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Top Issues of 2016 – Featured in Employment Law This Week

The new episode of Employment Law This Week offers a year-end roundup of the biggest employment, workforce, and management issues in 2016:

  • Impact of the Defend Trade Secrets Act
  • States Called to Ban Non-Compete Agreements
  • Paid Sick Leave Laws Expand
  • Transgender Employment Law
  • Uncertainty Over the DOL’s Overtime Rule and Salary Thresholds
  • NLRB Addresses Joint Employment
  • NLRB Rules on Union Organizing

Watch the episode below and read EBG’s Take 5 newsletter, “Top Five Employment, Labor & Workforce Management Issues of 2016.”

Continue Reading

Fifth Circuit Award Of Fees Against The Department Of Labor Shows That Even The Government Is Not Immune To Sanctions

Practitioners know how difficult it is to obtain an award of fees against the government. However, in an opinion in which the Court states at the outset, “the government here chose to defend the indefensible in an indefensible manner,” the Fifth Circuit Court of Appeals has awarded attorneys’ fees to an employer in a wage-hour dispute based on the Department of Labor’s (“DOL”) bad faith– both in pursuing a legally indefensible case and in the conduct of the litigation.

The case, Gate Guard Services, L.P. v. Perez, 792 F.3d 554 (5th Cir. 2015), is an unusual one But … Continue Reading

October 15: Attend Epstein Becker Green’s Workforce Management Briefing – High Stakes and High Priorities

34th Annual Workforce Management Briefing Banner

When:  Thursday, October 15, 2015    8:00 a.m. – 3:00 p.m.

Where:  New York Hilton Midtown, 1335 Avenue of the Americas, New York, NY 10019

This year, Epstein Becker Green’s Annual Workforce Management Briefing focuses on the latest developments that impact employers nationwide, featuring senior officials from the U.S. Department of Labor and the Equal Employment Opportunity Commission. We will also take a close look at the 25th anniversary of the Americans with Disabilities Act and its growing impact on the workplace.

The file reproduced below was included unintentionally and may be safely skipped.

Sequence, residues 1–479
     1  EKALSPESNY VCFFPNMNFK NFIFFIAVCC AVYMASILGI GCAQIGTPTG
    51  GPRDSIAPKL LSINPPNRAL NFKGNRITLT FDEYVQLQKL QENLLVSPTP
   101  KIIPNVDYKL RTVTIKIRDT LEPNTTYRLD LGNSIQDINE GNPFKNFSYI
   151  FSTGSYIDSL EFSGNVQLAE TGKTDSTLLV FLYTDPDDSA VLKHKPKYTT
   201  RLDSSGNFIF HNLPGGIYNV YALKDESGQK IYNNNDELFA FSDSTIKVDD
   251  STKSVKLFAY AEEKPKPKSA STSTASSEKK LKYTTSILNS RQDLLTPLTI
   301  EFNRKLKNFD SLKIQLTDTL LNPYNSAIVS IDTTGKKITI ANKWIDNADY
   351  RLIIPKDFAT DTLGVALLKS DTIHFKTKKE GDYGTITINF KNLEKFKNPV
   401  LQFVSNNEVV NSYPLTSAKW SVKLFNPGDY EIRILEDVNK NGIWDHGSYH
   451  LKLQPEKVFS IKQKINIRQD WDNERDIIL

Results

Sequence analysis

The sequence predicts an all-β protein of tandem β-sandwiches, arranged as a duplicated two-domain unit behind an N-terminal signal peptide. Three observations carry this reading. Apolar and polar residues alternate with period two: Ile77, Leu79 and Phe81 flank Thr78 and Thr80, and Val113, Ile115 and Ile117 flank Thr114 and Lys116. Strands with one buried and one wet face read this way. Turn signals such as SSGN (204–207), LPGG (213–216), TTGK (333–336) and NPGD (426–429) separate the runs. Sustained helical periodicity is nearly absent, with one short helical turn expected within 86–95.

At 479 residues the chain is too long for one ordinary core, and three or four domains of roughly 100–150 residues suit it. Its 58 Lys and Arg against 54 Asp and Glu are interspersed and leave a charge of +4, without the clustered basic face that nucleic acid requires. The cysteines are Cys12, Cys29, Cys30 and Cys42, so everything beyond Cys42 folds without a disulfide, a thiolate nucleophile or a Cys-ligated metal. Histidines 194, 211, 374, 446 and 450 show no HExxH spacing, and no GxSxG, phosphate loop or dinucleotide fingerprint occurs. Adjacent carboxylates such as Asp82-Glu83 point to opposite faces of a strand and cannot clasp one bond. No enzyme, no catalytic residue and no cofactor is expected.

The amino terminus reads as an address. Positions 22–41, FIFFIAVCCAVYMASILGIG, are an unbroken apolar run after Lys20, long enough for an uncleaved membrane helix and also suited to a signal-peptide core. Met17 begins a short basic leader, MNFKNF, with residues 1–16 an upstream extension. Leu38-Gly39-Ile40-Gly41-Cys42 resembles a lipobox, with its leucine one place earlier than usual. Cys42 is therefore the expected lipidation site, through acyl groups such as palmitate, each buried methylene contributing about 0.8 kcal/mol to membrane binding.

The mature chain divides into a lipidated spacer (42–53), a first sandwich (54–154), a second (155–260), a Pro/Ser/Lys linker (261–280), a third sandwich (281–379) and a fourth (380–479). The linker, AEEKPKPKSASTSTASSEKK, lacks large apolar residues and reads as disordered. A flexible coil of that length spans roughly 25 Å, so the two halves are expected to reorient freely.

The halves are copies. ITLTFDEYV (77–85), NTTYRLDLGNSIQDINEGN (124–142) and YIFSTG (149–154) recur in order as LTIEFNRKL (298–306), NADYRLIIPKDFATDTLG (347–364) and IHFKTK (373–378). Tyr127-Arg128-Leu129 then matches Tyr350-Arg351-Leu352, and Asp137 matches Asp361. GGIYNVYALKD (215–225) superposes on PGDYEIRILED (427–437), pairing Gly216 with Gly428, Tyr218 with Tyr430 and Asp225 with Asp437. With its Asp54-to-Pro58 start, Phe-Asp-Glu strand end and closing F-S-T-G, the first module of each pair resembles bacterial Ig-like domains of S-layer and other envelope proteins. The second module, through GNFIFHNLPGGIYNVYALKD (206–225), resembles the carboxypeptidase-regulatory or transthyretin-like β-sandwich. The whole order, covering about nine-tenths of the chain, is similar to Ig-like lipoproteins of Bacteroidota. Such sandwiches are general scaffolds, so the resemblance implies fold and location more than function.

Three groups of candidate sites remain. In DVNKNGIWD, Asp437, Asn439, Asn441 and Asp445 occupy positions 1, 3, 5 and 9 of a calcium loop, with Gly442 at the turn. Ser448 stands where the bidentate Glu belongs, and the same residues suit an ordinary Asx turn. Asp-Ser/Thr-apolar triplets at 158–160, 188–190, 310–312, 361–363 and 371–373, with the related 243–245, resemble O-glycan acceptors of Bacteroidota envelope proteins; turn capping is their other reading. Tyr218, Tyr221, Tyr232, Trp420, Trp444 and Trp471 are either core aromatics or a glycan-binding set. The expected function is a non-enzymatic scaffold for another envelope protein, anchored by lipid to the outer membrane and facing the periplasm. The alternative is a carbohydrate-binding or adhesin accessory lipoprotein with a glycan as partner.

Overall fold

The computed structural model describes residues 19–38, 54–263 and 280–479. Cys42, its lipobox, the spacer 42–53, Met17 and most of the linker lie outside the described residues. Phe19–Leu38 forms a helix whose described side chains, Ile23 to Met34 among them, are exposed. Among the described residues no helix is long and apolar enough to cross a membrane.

In addition, we are excited to welcome our keynote speaker Neil Cavuto, Senior Vice President, Managing Editor, … Continue Reading

Strategic Use of Arbitration Agreements in FLSA Context Gets Boost

In a case that has strategic implications for employers’ use of arbitration agreements in response to collective claims brought under the Fair Labor Standards Act (“FLSA”), the Eighth Circuit has held that former servers at an Arkansas pizzeria chain lack standing to challenge the pizzeria’s enforcement of an arbitration agreement that bars current employees from joining the FLSA collective action.  Conners v. Gusano’s Chi. Style Pizzeria, No. 14-1829 (8th Cir. Mar. 9, 2015).

In Conners, the plaintiff filed a proposed collective action lawsuit on behalf of herself and other restaurant servers, alleging Gusano’s maintained an illegal tip pool … Continue Reading

California Employers Must Revisit Exempt Status of Commissioned Employees In Light of Supreme Court Ruling

By:  Amy Messigian

In a major blow to California employers who utilize a monthly commission scheme but pay biweekly or semimonthly salary to their commission sales employees, the California Supreme Court ruled earlier this week in Peabody v. Time Warner Cable, Inc. that a commission payment may be applied only to the pay period in which it is paid for the purposes of determining whether an employee is exempt from overtime.  Employers may not divide the commission payment across multiple pay periods in order to satisfy the minimum compensation threshold for meeting the exemption in any earlier pay period.  California … Continue Reading

Be Careful You Don’t Make Your Vendor’s Employees Your Employees

 By Michael Kun

              You run a supermarket.  You contract with a janitorial company to come in every night to clean the aisles after you close.

               You run an ad agency.  You retain a contractor to handle your mailroom.

               You run a law firm.  You bring in a company to update the books in your law library.

               You run a hotel.  You contract with a van service to shuttle your guests to and from the airport. 

               Whatever business you are in, you are bound to enter into contracts with vendors to provide a variety of services. … Continue Reading

New York State Releases Proposed Wage Deduction Regulations

By: Dean Silverberg, Bill Milani, Jeffrey Landes, Susan Gross Sholinsky, Anna Cohen, and Jennifer Goldman